How to Juggle in 5 Easy Lessons

  1. Juggling is not easy. It takes a particular type of person to have both the spatial awareness, and the hand-eye coordination necessary to be able to keep 5 (3) items in the air at all times.
    And then once they are all flying, to settle and relax into the juggle is hard too:
    Drop the shoulders, breathe easier, enjoy the experience.

  2. Being a Vet is all about juggling. A vet is rarely doing nothing. You don’t see many drinking coffee and staring into the distance.
    It’s in their nature to be considering the next case, talking to the client, making sure the cat doesn’t jump out of the window, typing the case-notes – all at the same time as dispensing the tablets.
    And this is a small part of what marks vets out from many other people.

  3. There are many ways to determine people’s personality traits. Psychologists have developed a bunch of different methods – some are good for business interviews; some are good for academic study.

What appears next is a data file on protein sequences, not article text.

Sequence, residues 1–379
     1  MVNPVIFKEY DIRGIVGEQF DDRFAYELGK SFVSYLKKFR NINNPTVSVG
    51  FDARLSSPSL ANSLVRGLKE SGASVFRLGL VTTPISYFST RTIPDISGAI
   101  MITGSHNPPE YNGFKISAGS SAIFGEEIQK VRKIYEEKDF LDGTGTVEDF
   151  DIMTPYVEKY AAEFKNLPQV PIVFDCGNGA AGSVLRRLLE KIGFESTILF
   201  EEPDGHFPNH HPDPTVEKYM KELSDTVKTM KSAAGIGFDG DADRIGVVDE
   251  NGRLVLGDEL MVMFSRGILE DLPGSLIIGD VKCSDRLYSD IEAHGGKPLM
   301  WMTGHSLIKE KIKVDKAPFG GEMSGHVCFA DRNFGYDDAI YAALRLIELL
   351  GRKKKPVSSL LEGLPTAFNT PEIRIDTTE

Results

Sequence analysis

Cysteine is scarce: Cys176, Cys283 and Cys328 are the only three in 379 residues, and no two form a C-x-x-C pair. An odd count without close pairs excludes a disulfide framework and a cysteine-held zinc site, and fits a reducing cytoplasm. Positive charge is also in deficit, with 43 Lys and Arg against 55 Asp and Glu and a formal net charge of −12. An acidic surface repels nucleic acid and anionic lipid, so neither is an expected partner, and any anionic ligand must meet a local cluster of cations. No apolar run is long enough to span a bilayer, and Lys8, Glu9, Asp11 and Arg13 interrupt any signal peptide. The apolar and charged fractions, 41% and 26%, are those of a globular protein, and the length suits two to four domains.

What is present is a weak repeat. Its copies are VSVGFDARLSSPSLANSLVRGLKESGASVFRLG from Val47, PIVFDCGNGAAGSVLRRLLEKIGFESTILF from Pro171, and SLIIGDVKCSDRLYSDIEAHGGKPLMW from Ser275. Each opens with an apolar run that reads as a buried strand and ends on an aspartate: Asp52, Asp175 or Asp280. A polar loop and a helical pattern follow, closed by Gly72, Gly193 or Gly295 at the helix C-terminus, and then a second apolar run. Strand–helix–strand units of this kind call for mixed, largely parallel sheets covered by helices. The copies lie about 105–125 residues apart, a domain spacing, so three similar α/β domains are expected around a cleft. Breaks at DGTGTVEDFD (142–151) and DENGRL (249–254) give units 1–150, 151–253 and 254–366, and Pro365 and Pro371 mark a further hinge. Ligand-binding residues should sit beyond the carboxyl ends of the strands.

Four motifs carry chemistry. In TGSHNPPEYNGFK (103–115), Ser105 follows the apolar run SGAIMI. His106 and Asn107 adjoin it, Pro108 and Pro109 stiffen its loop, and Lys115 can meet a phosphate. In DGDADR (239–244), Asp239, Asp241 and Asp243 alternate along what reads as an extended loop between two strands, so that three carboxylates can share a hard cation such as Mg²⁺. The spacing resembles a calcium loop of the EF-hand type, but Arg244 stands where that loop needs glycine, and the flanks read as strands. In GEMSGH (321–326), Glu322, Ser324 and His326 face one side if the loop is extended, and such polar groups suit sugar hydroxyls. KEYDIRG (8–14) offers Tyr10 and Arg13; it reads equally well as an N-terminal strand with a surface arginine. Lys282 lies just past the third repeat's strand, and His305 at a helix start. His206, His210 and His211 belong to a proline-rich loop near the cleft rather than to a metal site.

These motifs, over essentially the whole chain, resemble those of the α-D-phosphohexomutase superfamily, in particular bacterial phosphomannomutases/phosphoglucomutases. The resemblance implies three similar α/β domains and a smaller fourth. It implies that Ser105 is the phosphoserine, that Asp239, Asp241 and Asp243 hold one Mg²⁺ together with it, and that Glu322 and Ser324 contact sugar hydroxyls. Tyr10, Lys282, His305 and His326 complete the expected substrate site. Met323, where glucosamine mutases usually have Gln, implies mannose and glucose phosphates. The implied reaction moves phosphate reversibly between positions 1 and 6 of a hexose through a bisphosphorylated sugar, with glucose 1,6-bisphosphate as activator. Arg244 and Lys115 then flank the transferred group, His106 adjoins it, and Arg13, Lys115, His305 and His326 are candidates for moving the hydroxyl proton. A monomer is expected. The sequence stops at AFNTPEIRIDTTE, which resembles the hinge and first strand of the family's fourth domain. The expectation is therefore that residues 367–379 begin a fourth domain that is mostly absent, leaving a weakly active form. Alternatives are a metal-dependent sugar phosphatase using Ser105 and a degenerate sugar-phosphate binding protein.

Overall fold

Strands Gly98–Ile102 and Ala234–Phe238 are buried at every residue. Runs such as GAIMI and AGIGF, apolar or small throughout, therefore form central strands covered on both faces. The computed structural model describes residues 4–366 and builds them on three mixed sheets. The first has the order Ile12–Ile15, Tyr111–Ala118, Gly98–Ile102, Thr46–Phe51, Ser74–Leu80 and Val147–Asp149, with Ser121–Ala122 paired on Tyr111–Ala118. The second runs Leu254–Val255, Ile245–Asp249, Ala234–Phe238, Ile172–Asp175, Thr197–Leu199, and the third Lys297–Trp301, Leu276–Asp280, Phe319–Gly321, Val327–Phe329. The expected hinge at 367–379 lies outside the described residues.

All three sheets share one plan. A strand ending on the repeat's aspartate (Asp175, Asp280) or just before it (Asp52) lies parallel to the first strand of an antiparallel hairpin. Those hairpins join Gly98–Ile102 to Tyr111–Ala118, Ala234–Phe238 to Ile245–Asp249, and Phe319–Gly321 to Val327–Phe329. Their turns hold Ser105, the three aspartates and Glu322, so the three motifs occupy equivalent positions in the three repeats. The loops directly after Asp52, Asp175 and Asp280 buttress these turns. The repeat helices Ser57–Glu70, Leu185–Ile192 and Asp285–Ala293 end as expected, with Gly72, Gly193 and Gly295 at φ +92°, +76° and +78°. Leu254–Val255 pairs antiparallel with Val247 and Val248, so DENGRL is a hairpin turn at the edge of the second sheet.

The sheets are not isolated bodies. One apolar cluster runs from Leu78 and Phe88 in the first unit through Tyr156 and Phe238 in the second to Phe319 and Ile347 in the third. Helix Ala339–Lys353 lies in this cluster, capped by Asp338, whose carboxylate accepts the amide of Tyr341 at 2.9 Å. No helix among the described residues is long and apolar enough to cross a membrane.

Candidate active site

Wouldn’t it be interesting to use Personality Trait analysis to see if vets actually share any of these traits between them?

  4. Knowing their motivations for what they do in life, and knowing how they go about succeeding in the things they do, could be fascinating.
    It would also help those people who are wanting to become vets. And those who are nearly there; or who have just started being vets.
    It’s a way to discover what life as a vet is going to be like – what sort of people are you going to be surrounded by.  What will be expected of you.
    Knowing the personality traits of vets will also hold up a mirror to you. It may help you answer the important questions:

  5. How are you going to cope?
    Will it be fun?
    How long will it be fun for?
    Should I be a vet?

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